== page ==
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New Talent, Feature Animation Offer Recovery Hope During South Korea’s Movie Malaise

Feb 19, 2024
  • Source by Variety
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New Talent, Feature Animation Offer Recovery Hope During South Korea’s Movie Malaise



Exhuma (Courtesy of Showbox/Pinetown Production)

A three-year run of poor box office performances is sure to hurt the South Korean sales companies touting their new titles at the European Film Market — but not by that much.

Certainly, the box office malaise undermines the ability to market some titles on the strength of their theatrical earnings back home. But the Korean film industry still has numerous other calling cards.

And the country has a familiar presence this year at both the Berlin festival and in the European Film Market.

Screening in the fest lineup and the EFM is The Traveler’s Needs, the fourth minimalist pearl from indie auteur Hong Sang-soo to appear in competition since 2020.

At the other end of the budget scale, Berlin has caught on to the trend of playing a mainstream Korean pic in either a midnight screening slot or as a gala. The Roundup: Punishment, part four of an action franchise starring Don Lee, is a likely crowdpleaser — the series is already an established overseas sales success. (Lee’s The Roundup: No Way Out earned $78 million in South Korean theaters last year.)

What is harder is finding the middle ground between those extremes.

South Korea’s box office honor in 2023 was only saved by a December surge largely powered by 12.12: The Day, which collected $86 million.

For most of 2023, box office in Korea tracked far behind 2019’s record-breaking $1.46 billion total and barely on a par with 2022. Full year box office of $964 million was only up 9% year-on-year and was 45% below pre-COVID levels, according to data from the Korean Film Council’s Kobis tracking service. Notable big budget flops of 2023 included Kang Je-gyu’s sports drama Road to Boston ($7.1 million) and sci-fi actioner The Moon ($3.89 million).

Explanations for the malaise are multiple: A succession of old titles and tired concepts being dribbled onto screens; the loss of key theatrical movies that opted for an outright sale to a streamer; competition for eyeballs from elsewhere in the country’s ferocious video market; and filmmaking talent that has been attracted to the series format by better opportunities and bigger paydays.

While some of those issues may have been passing, COVID-era problems, the coffers of Korean film producers have been depleted. And they are not being replenished rapidly, as entertainment finance has followed audiences and flowed into other sectors.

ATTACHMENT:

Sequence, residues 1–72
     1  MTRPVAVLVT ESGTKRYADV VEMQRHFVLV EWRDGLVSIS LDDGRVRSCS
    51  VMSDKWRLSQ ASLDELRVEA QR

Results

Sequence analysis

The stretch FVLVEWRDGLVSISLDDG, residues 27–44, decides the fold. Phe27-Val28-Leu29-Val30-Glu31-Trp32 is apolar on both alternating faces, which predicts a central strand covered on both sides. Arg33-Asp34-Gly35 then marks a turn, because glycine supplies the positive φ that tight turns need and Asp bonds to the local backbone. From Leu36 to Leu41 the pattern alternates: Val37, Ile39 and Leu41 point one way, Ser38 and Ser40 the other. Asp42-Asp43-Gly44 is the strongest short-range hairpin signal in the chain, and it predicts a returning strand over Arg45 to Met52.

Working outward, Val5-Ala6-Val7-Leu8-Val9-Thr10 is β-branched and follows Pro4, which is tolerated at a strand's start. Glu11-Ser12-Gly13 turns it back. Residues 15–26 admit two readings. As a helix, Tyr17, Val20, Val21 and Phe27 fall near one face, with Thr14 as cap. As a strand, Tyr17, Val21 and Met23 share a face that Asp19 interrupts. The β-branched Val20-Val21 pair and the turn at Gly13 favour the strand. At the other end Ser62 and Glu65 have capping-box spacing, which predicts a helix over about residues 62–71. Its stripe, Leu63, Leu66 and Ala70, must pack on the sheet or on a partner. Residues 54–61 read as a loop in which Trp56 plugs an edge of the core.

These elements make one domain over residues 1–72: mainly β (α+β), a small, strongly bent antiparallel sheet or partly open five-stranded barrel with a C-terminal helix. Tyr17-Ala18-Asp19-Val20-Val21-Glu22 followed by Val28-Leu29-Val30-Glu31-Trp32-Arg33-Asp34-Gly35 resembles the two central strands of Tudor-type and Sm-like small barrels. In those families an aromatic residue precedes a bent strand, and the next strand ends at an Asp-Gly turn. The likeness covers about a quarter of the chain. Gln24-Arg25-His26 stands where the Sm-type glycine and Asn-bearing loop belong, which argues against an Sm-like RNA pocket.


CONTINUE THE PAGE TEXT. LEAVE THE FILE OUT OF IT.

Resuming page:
That means Korean film budgets are less ambitious than in previous years and sales slates smaller.

Still, the South Korean film industry continues to draw benefit from the country’s ability to hatch new stars, especially from K-pop and TV series, and call on world-class established acting talent.

Lotte has Lee Byung-hun (Squid Game) in Korea’s well-regarded Oscar contender Concrete Utopia, while Oldboy star Choi Min-sik returns to the big screen in mystery-horror feature Exhuma. The title, which appears in Berlin’s Forum section, also stars Kim Go-eun, one of the biggest stars to emerge from recent Korean series.

Other South Korean films are able to lean on the instant fanbase that comes with the casting of a K-pop star. Girls Generation member Seohyun co-stars in another Don Lee vehicle Holy Night: Demon Hunter, launching at the EFM. And the crossover of IP to films and series from webtoons, the cartoon format that emerged in Korea with the advent of the smartphone, is now well-entrenched.

Similarly, South Korea’s cartoon sector may be picking up the baton that live action theatrical movies had dropped. Finecut (which handles the Hong Sang-soo oeuvre) recently picked up Exorcism Chronicles, an adult-skewing horror thriller, while Barunson E&A is launching sales on Yumi’s Cells, a YA-sci-fi fantasy. Both films have taken the webtoon-to-feature route and both hail from the Locus Animation Studio (formerly Sidus Animation), which previously produced top-selling Red Shoes and Seven Dwarfs.
By Patrick Frater
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